published in the United States or in a country with which the United
States has a copyright treaty or that are created by a citizen or
domiciliary of a country with which the U.S. has a copyright treaty
are also protected and may therefore be registered with the U.S.
7. Who is an author?
Under the copyright law, the creator of the original expression
in a work is its author. The author is also the owner of copyright
unless there is a written agreement by which the author assigns
the copyright to another person or entity. In cases of works made
for hire, the employer or commissioning party is considered to be
8. What is a work made for hire?
It is a work prepared by an employee within the scope of his or
her employment; or a work specially ordered or commissioned in certain
specified circumstances. When a work qualifies as a work made for
hire, the employer or commissioning party is considered to be the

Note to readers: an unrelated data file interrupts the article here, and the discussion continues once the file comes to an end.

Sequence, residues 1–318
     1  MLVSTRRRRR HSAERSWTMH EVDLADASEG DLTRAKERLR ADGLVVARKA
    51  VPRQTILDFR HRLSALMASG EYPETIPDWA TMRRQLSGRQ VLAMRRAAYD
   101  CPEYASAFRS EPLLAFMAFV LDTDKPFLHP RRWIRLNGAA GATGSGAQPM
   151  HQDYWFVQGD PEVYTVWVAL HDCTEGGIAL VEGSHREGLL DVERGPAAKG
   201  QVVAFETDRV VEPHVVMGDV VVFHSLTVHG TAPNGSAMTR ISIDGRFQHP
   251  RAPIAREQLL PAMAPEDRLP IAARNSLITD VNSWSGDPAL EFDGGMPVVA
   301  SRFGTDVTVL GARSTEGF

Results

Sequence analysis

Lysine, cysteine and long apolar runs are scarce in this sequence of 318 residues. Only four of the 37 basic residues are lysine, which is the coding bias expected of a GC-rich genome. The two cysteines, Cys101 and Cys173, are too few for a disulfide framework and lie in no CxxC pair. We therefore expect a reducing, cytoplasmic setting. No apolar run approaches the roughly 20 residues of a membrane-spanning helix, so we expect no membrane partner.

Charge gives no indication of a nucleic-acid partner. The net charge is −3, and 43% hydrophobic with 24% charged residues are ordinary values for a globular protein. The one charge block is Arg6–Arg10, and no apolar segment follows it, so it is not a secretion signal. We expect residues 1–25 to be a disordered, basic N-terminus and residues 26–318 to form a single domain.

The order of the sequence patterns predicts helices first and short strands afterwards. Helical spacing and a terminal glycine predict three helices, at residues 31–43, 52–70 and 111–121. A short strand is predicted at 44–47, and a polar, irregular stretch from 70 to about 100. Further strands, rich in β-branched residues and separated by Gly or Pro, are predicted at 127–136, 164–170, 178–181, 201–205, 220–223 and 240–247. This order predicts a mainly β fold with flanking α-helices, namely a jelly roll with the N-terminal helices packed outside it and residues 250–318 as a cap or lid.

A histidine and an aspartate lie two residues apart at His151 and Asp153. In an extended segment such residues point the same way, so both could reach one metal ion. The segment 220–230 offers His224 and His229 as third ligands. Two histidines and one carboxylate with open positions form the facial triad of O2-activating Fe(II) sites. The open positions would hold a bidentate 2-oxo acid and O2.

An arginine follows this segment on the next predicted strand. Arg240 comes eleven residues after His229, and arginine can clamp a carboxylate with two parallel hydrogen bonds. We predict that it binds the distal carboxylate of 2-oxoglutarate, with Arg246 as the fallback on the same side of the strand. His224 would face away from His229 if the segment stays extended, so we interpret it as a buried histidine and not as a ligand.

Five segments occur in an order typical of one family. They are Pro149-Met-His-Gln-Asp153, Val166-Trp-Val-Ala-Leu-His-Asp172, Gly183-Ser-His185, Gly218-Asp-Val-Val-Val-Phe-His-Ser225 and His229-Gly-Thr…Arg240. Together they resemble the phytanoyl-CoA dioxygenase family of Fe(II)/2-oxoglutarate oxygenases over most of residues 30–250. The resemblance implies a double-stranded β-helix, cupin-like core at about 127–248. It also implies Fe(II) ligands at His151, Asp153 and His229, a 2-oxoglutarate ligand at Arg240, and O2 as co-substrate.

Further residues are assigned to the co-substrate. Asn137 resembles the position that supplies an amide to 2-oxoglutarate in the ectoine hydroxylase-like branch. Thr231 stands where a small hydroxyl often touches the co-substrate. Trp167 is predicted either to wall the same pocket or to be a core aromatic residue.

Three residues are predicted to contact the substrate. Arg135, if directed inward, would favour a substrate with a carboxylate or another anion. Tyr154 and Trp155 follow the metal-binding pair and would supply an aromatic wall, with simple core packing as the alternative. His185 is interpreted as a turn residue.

9. What is publication?
Publication, as defined by the Copyright Act, is the distribution
of copies or phonorecords of a work to the public by sale or other
transfer of ownership, or by rental, lease, or lending. The offering
to distribute copies or phonorecords to a group of persons for purposes
of further distribution, public performance, or public display constitutes
publication. A public performance or display of a work does not
of itself constitute publication.
10. Does my work have to be published to get copyright protection?
Publication is not necessary for copyright protection.
11. Are copyrights transferable?
Yes. All or part of the rights in a work may be transferred by the
12. How long does copyright last?
For works created after January 1, 1978, copyright protection will
endure for the life of the author plus an additional 70 years. In
the case of a joint work, the term lasts for 70 years after the
last surviving author's death. For anonymous and pseudonymous works
and works made for hire, the term will be 95 years from the year
of first publication or 120 years from the year of creation, whichever